Steve Broglio, Director of Research at Medicine of Cycling was interviewed by Bicycle Magazine about the potential of cycling related concussion leading to Chronic Traumatic Encephalopathy (CTE). Symptoms of CTE generally begin 8–10 years after experiencing repetitive mild traumatic brain injury. In the early stages, CTE can cause decreased job performance, dizziness, and headaches. With progressive deterioration, symptoms may include memory loss, social instability, erratic behavior, and poor judgment. As the disease progresses, symptoms include dementia, decreased muscle coordination and muscular slowing, stuttering speech, tremors, hearing loss, and suicidality.
CTE has been linked to suicide among athletes in high frequency impact sports, most famously American Football. As of December 2012, thirty-three former National Football League (NFL) players had been diagnosed with CTE by post-mortem brain autopsy. Famous football players diagnosed post-mortem include Detroit Lions lineman Lou Creekmur, former Houston Oilers and Miami Dolphins linebacker John Grimsley, and former Tampa Bay Buccaneers guard Tom McHale. An autopsy conducted in 2010 on the brain of Owen Thomas, a 21-year-old junior lineman at the University of Pennsylvania who committed suicide, showed early stages of CTE. He is one of the youngest to be diagnosed with this condition.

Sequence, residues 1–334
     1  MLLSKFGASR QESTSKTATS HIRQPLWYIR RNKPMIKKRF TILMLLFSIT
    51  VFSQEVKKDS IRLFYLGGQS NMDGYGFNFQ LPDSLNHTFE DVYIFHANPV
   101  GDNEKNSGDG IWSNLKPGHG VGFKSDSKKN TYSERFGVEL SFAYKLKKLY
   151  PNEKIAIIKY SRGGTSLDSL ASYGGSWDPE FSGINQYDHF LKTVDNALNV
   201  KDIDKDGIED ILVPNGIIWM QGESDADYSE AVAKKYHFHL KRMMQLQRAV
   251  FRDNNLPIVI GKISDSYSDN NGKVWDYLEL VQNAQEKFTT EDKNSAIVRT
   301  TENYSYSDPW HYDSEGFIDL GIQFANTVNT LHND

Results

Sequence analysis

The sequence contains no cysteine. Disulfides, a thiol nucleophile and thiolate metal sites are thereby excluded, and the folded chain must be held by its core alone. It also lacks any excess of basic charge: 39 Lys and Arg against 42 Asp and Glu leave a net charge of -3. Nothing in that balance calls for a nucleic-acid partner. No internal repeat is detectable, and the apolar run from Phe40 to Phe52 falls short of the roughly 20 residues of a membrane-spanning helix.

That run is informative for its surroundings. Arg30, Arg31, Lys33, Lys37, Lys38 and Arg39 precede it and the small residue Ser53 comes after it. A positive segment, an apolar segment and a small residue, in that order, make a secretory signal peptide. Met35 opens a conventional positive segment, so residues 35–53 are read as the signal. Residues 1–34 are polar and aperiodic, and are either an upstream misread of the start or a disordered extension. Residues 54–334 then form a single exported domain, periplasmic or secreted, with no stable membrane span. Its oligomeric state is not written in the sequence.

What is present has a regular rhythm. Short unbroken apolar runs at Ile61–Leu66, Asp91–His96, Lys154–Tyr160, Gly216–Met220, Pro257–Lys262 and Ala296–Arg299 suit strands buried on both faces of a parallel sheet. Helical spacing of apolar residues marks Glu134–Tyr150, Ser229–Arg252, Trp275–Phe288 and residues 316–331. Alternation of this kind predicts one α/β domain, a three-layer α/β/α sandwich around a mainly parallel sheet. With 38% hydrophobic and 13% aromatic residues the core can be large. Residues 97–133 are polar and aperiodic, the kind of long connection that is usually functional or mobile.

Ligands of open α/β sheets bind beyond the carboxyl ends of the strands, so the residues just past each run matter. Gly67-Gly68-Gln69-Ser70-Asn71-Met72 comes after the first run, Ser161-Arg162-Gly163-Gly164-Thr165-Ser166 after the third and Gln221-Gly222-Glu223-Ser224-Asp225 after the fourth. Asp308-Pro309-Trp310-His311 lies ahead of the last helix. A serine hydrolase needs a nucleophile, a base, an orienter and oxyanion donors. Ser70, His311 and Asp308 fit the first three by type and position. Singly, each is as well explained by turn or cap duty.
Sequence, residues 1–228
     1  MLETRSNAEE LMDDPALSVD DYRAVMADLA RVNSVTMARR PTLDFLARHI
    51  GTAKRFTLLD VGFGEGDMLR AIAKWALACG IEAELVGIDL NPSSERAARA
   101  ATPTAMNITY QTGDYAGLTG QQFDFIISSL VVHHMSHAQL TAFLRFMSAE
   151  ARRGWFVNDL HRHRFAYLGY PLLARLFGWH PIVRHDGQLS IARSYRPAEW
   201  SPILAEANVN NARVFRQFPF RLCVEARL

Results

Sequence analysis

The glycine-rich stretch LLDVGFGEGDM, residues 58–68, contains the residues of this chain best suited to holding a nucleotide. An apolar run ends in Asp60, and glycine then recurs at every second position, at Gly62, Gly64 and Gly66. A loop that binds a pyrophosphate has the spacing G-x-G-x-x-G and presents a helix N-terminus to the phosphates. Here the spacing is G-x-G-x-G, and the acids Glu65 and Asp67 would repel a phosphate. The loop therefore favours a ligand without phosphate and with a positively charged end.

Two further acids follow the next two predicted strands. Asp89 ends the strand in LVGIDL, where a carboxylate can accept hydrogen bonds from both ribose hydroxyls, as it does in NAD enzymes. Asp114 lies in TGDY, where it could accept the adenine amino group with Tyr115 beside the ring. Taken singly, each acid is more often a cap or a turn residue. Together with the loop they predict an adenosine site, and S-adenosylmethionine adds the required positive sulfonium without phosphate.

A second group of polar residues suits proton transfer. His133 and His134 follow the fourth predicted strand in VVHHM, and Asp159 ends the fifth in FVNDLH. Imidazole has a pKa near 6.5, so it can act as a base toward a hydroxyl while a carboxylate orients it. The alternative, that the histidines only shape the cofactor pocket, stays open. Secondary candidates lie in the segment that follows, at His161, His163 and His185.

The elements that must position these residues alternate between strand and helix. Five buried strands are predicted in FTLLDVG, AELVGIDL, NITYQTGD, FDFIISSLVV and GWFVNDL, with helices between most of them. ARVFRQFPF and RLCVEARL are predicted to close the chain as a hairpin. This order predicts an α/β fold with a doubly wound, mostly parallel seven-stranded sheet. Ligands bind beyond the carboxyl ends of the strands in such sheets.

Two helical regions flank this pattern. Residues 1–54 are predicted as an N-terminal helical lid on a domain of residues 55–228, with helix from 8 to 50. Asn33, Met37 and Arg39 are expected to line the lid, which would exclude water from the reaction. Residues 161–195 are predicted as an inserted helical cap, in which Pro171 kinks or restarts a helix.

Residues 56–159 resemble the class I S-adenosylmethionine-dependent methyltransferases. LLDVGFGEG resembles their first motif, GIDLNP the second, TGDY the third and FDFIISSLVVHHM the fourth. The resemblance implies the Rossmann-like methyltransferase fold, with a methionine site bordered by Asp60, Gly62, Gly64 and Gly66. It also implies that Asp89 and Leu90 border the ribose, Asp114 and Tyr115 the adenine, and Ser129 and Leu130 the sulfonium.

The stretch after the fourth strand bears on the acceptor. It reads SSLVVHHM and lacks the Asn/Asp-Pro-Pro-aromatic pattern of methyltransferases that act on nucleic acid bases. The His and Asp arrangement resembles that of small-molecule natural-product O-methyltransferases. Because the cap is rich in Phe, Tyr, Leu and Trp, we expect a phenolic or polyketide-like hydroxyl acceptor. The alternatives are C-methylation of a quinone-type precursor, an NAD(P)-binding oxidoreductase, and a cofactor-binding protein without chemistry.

Read the full article here: http://www.bicycling.com/training/health-injuries/the-truth-about-cycling-and-brain-injuries